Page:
To a solution of 2-hydroxyethyl acrylate (1.01 g, 8.7 mmol) and 1-naphthoic acid (1.00 g, 5.8 mmol) in 10 ml of freshly distilled CH2Cl2 was added EDC (1.60 g, 8.7 mmol) and DMAP (cat. amount) at room temperature. The resultant mixture was stirred at room temperature until TLC indicated the disappearance of starting material. The reaction was quenched with a 5% solution of NH4Cl and the mixture was washed with water. After extraction with EtOAc (320 ml), the organic layers were dried over anhydrous MgSO4 and purified with column chromatography on silica gel (1:4, EtOAc:hexanes) to give 1.29 g (82 %) of naphthalene-1-carbonyloxy-2-ethyl acrylate as a colorless oil. 1H NMR (250 MHz) δ 8.91 (d, J=8.4 Hz, 1H), 8.21 (d, J=7.1 Hz, 1H), 8.04 (d, J=8.2 Hz, 1H), 7.90 (d, J=8.0 Hz, 1H), 7.57 (m, 3H), 6.49 (d, J=17.3 Hz, 1H), 6.19 (dd, J=17.3, 10.4 Hz, 1H), 5.71 (d, J=10.4 Hz, 1H), 4.66 (m, 2H), 4.58 (m, 2H). 13C NMR (63 MHz) δ 167.2, 165.9, 133.8, 133.6, 131.5, 131.3, 130.5, 128.6, 128.0, 127.8, 126.6, 126.2, 125.7, 124.5, 62.7, 62.3.
  • [0300]
    To a solution of 2-hydroxyethyl acrylate (0.78 g, 6.8 mmol) and 1-naphthoic acid (1.00 g, 5.8 mmol) in 10 ml of freshly distilled CH2Cl2 was added EDC (0.86 g, 4.5 mmol) and DMAP (cat. amount) at room temperature. The resultant mixture was stirred at room temperature until TLC indicated the disappearance of starting material. The reaction was quenched with a 5% solution of NH4Cl and the mixture was washed with water. After extraction with EtOAc (320 ml), the organic layers were dried over anhydrous MgSO4 and purified with column chromatography on silica gel (1:4, EtOAc:hexanes) to give 0.30 g (21 %) of anthracene-9-carbonyloxy-2-ethyl acrylate as a yellow solid, mp 66-68 C. 1NMR (250 MHz) δ 8.54 (s, 1H), 8.06 (dd, J=14.7, 8.0 Hz, 4H), 7.52 (m, 4H), 6.21 (d, J=17.2 Hz, 1H), 6.21 (dd, J=17.2, 10.5 Hz, 1H), 5.91 (d, J=10.5 Hz, 1H), 4.89 (m, 2H), 4.62 (m, 21). 13C NMR (63 MHz) δ 169.3, 165.3, 131.7, 130.9, 129.7, 128.7, 127.9, 127.1, 125.5, 124.9, 63.2, 62.3.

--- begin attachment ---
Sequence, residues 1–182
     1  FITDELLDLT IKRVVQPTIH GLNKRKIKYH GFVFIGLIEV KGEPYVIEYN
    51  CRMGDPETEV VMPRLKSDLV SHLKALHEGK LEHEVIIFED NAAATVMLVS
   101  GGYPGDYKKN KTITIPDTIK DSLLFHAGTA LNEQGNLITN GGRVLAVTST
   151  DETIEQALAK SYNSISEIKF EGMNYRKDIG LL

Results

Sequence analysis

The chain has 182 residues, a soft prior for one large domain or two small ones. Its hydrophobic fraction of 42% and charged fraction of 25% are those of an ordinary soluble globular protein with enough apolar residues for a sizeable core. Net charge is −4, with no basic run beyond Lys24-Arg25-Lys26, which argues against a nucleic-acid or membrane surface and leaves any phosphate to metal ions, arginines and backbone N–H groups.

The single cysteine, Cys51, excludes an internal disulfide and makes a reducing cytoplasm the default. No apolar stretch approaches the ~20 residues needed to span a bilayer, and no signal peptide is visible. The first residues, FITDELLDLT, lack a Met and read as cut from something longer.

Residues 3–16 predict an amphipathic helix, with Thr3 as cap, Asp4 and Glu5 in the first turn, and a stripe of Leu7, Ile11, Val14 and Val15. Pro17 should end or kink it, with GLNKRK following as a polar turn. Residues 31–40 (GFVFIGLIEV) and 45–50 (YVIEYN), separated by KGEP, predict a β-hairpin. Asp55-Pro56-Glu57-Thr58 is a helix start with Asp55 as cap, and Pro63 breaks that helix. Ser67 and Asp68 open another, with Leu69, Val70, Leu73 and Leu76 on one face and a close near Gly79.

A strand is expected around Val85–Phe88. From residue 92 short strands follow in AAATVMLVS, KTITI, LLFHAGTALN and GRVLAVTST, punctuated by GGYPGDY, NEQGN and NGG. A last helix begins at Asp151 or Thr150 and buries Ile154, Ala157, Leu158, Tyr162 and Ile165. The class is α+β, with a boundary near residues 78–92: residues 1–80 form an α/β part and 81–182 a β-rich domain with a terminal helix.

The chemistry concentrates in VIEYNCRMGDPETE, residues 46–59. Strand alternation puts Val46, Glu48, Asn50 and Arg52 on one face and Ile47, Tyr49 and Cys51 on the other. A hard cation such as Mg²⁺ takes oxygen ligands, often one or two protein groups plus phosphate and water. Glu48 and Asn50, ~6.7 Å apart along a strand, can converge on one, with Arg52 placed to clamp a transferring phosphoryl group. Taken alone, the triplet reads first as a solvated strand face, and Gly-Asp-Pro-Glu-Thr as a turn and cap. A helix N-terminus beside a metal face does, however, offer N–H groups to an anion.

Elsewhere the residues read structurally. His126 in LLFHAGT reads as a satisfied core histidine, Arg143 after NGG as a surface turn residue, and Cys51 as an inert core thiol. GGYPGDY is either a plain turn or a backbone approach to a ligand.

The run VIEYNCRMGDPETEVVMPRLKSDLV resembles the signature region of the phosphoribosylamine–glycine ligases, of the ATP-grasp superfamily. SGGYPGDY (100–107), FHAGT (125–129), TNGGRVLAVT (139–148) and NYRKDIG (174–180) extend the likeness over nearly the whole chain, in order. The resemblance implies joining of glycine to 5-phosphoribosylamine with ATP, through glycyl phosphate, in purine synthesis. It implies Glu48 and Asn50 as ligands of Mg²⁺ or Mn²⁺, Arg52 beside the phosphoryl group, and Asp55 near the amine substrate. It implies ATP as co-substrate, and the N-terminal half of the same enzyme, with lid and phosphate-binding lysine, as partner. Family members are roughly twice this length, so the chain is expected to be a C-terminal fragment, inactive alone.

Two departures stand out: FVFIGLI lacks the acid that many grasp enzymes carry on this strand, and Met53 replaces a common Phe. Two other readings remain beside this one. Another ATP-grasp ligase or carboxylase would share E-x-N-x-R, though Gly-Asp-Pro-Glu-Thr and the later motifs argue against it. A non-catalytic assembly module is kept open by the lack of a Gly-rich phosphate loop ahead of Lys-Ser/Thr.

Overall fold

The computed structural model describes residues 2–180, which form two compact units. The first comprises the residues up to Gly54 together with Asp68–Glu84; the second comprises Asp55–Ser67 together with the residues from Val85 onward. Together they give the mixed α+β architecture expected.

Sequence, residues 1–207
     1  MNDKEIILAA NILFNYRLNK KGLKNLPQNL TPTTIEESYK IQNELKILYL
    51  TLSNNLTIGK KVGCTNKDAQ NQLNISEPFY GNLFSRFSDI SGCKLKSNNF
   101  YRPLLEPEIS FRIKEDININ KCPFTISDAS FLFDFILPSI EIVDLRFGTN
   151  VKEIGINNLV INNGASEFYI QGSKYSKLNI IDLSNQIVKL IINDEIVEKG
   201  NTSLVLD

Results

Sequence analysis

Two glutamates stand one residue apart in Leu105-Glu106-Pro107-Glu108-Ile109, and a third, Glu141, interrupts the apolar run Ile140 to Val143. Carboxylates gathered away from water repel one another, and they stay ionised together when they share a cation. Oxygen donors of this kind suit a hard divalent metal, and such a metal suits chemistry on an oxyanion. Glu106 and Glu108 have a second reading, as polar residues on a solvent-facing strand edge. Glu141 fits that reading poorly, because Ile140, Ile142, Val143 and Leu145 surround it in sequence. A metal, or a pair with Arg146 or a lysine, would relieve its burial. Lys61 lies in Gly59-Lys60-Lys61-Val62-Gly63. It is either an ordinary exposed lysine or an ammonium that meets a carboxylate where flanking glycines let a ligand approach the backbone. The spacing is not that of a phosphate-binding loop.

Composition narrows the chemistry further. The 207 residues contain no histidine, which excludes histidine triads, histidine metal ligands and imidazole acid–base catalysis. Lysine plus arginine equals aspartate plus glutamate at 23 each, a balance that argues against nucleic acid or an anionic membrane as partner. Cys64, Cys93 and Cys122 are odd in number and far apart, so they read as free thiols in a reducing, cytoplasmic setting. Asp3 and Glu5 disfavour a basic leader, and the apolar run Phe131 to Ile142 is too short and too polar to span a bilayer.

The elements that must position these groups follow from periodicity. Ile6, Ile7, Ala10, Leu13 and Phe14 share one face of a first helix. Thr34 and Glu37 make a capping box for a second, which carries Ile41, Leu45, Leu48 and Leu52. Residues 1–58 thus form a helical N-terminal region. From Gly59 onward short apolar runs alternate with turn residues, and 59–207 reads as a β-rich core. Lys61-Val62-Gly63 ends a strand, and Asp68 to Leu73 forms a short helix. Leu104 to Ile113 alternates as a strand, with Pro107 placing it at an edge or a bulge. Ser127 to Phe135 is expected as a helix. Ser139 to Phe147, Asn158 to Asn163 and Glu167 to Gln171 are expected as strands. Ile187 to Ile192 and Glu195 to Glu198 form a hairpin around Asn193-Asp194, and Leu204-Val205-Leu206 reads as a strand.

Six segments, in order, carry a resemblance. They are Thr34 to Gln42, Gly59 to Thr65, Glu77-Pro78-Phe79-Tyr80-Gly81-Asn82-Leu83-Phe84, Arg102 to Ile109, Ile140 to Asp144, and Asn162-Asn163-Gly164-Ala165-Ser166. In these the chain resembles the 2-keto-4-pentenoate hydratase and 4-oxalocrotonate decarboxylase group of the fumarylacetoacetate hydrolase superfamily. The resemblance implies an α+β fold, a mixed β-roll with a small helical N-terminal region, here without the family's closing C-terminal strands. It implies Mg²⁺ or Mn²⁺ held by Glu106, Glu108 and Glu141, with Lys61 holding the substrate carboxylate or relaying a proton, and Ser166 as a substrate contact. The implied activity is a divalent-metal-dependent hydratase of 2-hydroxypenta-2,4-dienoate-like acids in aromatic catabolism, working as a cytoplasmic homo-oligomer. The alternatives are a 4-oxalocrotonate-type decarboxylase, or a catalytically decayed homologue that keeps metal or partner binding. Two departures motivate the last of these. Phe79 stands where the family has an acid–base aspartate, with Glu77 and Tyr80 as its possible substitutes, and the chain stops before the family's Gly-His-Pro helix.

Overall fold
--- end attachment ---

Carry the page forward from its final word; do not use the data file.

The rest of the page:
• [0301]
    The mixture of 3-acryloyl N-methylthio β-lactam (100 mg, white solid, mp 92-93 C.), naphthyl acrylate (50 mg), and ethyl acrylate (170 mg) was warmed to 70 C. with slow stirring under a nitrogen atmosphere. Stirring was continued until the mixture was completely mixed to give a homogeneous liquid phase. Deionized water (1.7 ml) containing dodecyl sulfate, sodium salt (ACROS, 7 mg) was added with vigorous stirring and the mixture was stirred for one hour to give a milky pre-emulsion state. A solution of potassium persulfate (SIGMA, 1.8 mg) dissolved in deionized water (0.3 ml) was added under a nitrogen atmosphere and the mixture was stirred rapidly at 70 C. for 6 hours. A solution of potassium persulfate (0.5 mg) dissolved in deionized water (0.1 ml) was added to the emulsion and rapid stirring was continued for 1 hour to give the N-methylthio β-lactam containing fluorescence-active emulsified nanoparticles a milky emulsion. Other analogs were prepared similarly based on the formulation described in Table 5 and Table 6, respectively.
  • [0302]
    Samples of the nanoparticle emulsions were converted to thin films by coalescence as described in previous chapter. A rectangular cardboard frame was fixed on glass and the emulsion was poured into the frame. The emulsion was left to dry for 48 hours to give a transparent thin film.
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Classifications
U.S. Classification424/490, 264/4.1, 977/906
International ClassificationA61K9/16, A61K9/51, A61K9/50, A61K, A61K9/14
Cooperative ClassificationA61K9/5192, A61K9/5138
European ClassificationA61K9/51P, A61K9/51H6B